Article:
Results 1 to 6 of 6

Math Help - Few hard questions

  1. #1
    Newbie
    Joined
    Sep 2010
    Posts
    3

    Few hard questions

    1) Use the definition of derivative to show that function y = g(x) implicitly defined by equation: y^{2/3} + x^{2/3} = 1 is not differentiable at point (0,1)

    2) Find all points at which the tangent lines to the curve are horizontal for equation 2(x^2 + y^2)^2 = x^2 - y^2

    3) Let f(x) = sin x / (1+cos x), Show that f'(x) = 1/(1+cos x)

    These questions are from my university's past exams. It won't be much problem for me, IF they give me more time to solve it... The first two problems are given like only about 10 minute to solve, and the last one is not even 5 minute (Given 180 min for 17 problems, but last one is like part a of the problem)

    So, it either means 1) I am doing it the long way through, or 2) the university examiners don't expect anyone to pass the exam... Therefore, I want to ask for opinions on how to solve these types of complex questions in a more time-efficient way.

    PS: I used 1-2 hours just to pull that lim h -> 0 of ((1-h^{2/3})^{3/2} - 1 )/h from the first problem
    Follow Math Help Forum on Facebook and Google+

  2. #2
    MHF Contributor
    Joined
    Oct 2009
    Posts
    5,536
    Thanks
    778
    1) Use the definition of derivative to show that function y = g(x) implicitly defined by equation: y^{2/3} + x^{2/3} = 1 is not differentiable at point (0,1)
    As you wrote, y(x)=(1-x^{2/3})^{3/2}. Using Maclaurin series for (1+x)^\alpha, we get y(x)=1-3x^{2/3}/2+o(x^{2/3}). Therefore, (y(x)-y(0))/x=-3/(2x^{1/3})+o(1/x^{1/3}). This expression tends to -\infty when x\to0^+ and to \infty when x\to0^+, so there is no limit.

    It also helps to have a sketch of the graph of y(x). This function is symmetric w.r.t. the vertical x = 0 axis because x occurs squared. Also, the behavior of x^{2/3} near 0 is similar to that of \sqrt{x}, in particular, (x^{2/3})'\to\infty when x\to0^+. Therefore, 1-x^{2/3} has a sharp angle at (0,1), which is its maximum point. I believe that raising everything to power 3/2 does not fundamentally change this behavior.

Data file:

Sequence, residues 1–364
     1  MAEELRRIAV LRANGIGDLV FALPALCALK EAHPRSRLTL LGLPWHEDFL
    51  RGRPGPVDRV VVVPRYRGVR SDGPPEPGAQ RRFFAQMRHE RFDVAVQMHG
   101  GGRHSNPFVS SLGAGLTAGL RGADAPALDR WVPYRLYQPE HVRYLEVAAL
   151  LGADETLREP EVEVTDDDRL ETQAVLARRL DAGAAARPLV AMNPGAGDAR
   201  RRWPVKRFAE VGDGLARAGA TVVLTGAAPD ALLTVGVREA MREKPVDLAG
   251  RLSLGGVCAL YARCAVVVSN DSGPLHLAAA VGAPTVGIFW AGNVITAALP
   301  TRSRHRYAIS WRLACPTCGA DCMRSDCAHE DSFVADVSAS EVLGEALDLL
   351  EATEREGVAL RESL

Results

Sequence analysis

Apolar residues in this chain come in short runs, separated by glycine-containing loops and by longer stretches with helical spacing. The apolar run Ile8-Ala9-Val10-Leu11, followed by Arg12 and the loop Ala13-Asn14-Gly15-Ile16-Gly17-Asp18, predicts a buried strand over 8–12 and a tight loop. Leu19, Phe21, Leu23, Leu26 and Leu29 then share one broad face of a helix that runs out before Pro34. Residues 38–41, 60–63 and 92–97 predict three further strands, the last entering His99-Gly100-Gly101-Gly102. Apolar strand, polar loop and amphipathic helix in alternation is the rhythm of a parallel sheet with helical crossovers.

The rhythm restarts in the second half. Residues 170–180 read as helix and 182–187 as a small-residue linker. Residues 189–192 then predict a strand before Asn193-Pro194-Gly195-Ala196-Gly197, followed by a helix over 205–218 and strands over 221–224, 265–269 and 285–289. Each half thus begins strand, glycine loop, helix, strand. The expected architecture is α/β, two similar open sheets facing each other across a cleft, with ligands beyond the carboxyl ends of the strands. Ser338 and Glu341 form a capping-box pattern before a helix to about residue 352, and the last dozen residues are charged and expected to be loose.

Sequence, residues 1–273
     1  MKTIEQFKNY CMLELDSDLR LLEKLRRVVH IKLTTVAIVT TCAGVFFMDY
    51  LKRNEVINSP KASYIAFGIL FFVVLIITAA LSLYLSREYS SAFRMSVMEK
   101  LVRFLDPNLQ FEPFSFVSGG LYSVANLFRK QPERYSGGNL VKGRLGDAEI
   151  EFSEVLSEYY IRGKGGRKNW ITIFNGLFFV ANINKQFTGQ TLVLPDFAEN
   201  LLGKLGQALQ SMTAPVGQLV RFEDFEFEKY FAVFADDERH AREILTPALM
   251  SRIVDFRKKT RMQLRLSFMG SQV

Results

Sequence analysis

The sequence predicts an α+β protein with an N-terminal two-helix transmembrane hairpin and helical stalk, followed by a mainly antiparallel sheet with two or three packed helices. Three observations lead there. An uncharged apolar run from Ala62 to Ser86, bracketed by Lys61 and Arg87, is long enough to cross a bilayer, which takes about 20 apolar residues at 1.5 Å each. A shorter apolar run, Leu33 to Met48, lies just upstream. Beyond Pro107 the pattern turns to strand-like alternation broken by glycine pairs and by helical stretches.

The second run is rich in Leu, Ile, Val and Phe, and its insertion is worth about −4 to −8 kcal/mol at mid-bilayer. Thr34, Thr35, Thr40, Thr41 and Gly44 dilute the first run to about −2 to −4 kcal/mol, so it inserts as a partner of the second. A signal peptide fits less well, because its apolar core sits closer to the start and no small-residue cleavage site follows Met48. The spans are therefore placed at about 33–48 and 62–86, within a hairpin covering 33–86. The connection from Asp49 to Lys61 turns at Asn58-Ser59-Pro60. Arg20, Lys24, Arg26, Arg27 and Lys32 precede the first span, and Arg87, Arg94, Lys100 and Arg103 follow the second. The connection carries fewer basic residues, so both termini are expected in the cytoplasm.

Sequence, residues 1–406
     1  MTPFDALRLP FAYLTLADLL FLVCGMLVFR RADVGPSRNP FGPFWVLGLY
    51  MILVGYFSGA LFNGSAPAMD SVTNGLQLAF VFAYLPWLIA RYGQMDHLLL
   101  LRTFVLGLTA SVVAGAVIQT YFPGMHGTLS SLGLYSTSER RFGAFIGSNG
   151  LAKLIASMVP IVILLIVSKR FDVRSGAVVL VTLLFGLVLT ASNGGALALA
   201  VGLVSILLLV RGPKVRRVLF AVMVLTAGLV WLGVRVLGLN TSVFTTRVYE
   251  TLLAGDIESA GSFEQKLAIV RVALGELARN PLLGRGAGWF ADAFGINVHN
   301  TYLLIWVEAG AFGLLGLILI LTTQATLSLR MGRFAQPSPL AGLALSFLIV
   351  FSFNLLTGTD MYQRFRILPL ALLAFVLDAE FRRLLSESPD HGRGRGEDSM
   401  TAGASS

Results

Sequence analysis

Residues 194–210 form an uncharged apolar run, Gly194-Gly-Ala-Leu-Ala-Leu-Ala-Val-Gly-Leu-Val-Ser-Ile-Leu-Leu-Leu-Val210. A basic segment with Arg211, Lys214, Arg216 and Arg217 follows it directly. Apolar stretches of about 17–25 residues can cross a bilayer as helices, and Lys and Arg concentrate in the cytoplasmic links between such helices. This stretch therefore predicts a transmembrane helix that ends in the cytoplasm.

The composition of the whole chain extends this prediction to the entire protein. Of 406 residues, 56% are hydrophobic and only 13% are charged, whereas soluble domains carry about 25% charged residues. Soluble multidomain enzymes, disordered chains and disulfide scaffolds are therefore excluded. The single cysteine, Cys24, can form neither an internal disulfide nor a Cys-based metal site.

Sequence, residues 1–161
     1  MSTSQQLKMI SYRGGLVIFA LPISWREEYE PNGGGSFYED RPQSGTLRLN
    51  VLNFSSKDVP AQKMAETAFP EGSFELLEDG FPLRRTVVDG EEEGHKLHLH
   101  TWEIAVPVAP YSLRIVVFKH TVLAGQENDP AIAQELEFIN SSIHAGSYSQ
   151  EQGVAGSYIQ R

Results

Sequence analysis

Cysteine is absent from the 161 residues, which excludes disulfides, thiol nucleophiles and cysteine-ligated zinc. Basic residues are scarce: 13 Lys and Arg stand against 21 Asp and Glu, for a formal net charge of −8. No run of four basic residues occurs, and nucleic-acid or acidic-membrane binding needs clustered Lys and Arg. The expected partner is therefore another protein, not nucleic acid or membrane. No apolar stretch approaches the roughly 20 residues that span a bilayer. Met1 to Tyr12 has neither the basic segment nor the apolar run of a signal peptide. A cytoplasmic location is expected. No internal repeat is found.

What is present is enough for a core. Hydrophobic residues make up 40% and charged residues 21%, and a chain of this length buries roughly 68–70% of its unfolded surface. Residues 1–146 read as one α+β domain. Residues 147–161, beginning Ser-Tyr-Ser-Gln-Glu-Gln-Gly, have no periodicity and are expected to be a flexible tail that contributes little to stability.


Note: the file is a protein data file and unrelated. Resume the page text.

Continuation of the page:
3) Let f(x) = \sin x / (1+\cos x), Show that f'(x) = 1/(1+\cos x)
    This is pretty straightforward using the formula for the derivative of a fraction and the fact that \sin^2x+\cos^2x=1.
    Follow Math Help Forum on Facebook and Google+

  3. #3
    Newbie
    Joined
    Sep 2010
    Posts
    3
    I have never used Maclaurin series before. Therefore, I don't really understand the term o(x^{2/3}), so if you can explain me, then that would be great. Also I did use L'Hopital Rule for solving 1st question and I check limit left-hand = right-hand to prove it's not differentiable. However, when I apply the L'Hopital Rule, I get a constant as the limit, not infinity. Therefore, I'm not sure if I'm applying it in the right situation or not. For the 3rd problem, i think they want a proof? I'm not sure, but for me.. using the quotient derivative is kind of "too easy for an exam question".
    Last edited by biloon; September 24th 2010 at 09:50 PM.
    Follow Math Help Forum on Facebook and Google+

  4. #4
    Flow Master
    mr fantastic's Avatar
    Joined
    Dec 2007
    From
    Zeitgeist
    Posts
    16,948
    Thanks
    5
    Quote Originally Posted by biloon View Post
    [snip] For the 3rd problem, i think they want a proof? I'm not sure, but for me.. using the quotient derivative is kind of "too easy for an exam question".